When doses come to you
Demand for vaccines in the U.S. is dwindling. The country is inoculating an average of about 1.8 million people a day, down from about 3.3 million in mid-April.
Part of the problem is access. Some people are encumbered by jobs or the responsibility of child care. Others struggle with dire poverty. Many are adrift, out of reach or uninformed.
So, across the country, health officials are taking vaccines on the road, sometimes even to potential patients’ doorsteps.
In Sussex County, Del., many residents live in poverty, making them more vulnerable to the virus. But a trip to a doctor or a vaccination appointment may require navigating irregular bus routes or losing a day’s wages.
In April, teams from Beebe Healthcare and local partners added workstations to a bus that had been used as a mobile library. Workers, who are able to vaccinate 50 people in several hours, listen and dispel misinformation — in English, Spanish and Creole.
In New York City, Black and Hispanic residents are being vaccinated at significantly lower rates than other groups are. Now, public health officials there are reaching out to unvaccinated residents. Community groups are knocking on doors to persuade people to be inoculated, and in some cases those who agree get appointments for doses in a temporary clinic nearby.
To reach homeless people in Washington State, officials have set up a clinic on wheels in Pioneer Square in Seattle. Thomas Dunlap noticed the mobile clinic by chance and accepted an inoculation with relief. As did Michael Clinger, another homeless man, who said he was “sick of wearing a mask.”
In rural areas, lack of access to technology and transportation during the pandemic has defined the potential for life, death or debilitating illness.
In Minnesota, the state health department and other partners transformed six city buses into clinics. Seats were removed and vaccination stations were installed. Personal protective equipment, canopies, tents and snacks have been stowed aboard. Up to eight people ride along, vaccinating 10 to 180 people at one event.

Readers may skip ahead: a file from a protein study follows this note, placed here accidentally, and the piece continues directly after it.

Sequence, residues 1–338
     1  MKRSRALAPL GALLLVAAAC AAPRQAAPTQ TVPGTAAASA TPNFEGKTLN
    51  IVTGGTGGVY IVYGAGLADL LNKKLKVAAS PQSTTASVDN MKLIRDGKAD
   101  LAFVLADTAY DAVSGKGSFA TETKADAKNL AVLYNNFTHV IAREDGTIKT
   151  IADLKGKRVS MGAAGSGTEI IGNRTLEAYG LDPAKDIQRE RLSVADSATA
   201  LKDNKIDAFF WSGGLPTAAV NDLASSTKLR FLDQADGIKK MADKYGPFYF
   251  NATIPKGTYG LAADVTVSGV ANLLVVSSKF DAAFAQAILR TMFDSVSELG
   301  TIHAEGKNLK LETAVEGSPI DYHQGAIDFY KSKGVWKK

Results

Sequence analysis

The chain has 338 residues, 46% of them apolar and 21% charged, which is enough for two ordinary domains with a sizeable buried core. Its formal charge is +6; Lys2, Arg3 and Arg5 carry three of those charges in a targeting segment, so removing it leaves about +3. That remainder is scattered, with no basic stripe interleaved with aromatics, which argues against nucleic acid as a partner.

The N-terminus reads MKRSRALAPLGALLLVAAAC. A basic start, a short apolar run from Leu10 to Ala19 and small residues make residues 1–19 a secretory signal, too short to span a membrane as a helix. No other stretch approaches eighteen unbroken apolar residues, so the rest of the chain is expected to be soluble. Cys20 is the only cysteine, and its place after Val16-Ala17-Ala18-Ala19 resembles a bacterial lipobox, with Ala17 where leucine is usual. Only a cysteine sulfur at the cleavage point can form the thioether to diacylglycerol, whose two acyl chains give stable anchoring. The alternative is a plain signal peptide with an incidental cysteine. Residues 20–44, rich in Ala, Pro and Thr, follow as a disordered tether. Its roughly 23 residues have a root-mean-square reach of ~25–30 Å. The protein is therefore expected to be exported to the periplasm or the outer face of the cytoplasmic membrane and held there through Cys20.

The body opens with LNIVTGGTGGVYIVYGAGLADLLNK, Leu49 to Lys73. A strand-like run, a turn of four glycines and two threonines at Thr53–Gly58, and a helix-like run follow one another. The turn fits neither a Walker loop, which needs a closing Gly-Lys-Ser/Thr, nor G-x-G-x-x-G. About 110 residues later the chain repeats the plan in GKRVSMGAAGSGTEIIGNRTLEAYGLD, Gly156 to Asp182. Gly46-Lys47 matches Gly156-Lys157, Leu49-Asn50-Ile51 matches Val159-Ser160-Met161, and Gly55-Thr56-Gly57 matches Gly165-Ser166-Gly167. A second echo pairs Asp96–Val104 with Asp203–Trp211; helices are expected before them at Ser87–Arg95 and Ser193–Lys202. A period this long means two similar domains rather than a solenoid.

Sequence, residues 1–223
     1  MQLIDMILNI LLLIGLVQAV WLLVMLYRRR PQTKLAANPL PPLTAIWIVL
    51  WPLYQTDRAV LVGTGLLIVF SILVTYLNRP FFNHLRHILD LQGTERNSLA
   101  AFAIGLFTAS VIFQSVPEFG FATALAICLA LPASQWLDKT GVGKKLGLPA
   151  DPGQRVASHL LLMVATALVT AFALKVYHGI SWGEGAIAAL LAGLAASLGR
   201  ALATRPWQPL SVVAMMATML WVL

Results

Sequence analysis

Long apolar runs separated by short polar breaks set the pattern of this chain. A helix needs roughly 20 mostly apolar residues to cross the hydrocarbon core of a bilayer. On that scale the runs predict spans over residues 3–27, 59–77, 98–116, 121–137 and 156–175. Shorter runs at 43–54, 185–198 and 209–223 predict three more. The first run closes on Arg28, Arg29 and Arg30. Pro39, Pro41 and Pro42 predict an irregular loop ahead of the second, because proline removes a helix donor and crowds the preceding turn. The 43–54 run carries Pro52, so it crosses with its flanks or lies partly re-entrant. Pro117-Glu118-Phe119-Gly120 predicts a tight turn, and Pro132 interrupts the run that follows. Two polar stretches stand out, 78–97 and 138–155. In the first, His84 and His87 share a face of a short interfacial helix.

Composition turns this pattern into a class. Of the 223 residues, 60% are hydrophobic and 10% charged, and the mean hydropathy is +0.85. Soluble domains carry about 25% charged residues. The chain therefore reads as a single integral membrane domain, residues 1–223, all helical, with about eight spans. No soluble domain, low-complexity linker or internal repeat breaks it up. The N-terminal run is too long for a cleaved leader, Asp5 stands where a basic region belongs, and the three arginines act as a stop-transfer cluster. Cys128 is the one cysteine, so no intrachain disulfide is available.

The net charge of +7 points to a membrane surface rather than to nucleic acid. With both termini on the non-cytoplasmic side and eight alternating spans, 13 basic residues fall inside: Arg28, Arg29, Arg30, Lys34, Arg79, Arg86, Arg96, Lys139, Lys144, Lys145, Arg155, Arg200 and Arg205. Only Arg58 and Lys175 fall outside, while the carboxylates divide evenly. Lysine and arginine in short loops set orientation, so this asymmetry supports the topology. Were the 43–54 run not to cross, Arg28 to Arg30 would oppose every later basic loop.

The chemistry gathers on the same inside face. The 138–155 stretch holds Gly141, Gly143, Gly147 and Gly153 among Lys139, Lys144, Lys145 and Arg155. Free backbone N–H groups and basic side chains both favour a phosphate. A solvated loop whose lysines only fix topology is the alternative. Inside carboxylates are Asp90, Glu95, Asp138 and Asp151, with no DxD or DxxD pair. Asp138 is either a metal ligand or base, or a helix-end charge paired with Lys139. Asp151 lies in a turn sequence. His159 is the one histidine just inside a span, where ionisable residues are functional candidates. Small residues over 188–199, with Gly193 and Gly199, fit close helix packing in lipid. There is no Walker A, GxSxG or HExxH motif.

Emily Smoak, a health department planner, said the mobile clinic teams aimed to build trust and curb the impact of the virus on communities.
“We are showing up in communities and telling people: ‘You do matter. We are not just going to leave you out of the greater process,’” Smoak said.
Vaccination campaigns in Asia
Two of China’s neighbors have enacted divergent vaccination campaigns, and their disparate results show the value of a muscular rollout.
Early in the pandemic, Taiwan shut its borders and required quarantines of nearly everyone who arrived from overseas, mostly shielding itself from the worst of the virus. But that has recently changed after enough infections have slipped by to cause localized outbreaks.
The country has reported 200 to 350 new infections a day for the past several days, after recording just 1,290 from the beginning of the pandemic until Saturday. Amplifying the concerns is the country’s slow vaccination campaign. Only about 1 percent of the island’s 23.5 million residents have been vaccinated. Scenes from the country now look like those from the early days of the pandemic, with businesses shuttered and lines around the block at testing sites. Experts say the slow pace of vaccination and more transmissible virus variants created a perfect window for a flare-up.
Mongolia, on the other hand, used its status as a small geopolitical player between Russia and China to strike deals with both countries to acquire enough doses to vaccinate its entire adult population. It’s a big victory for a low-income nation, which snapped up doses with a swiftness similar to the pace of much wealthier countries despite being late to the global rush for vaccines.
The country has been facing a forceful outbreak that began in March, but cases have been dropping during the past month, and officials are so confident about the nation’s vaccine riches that they are promising citizens a “Covid-free summer.”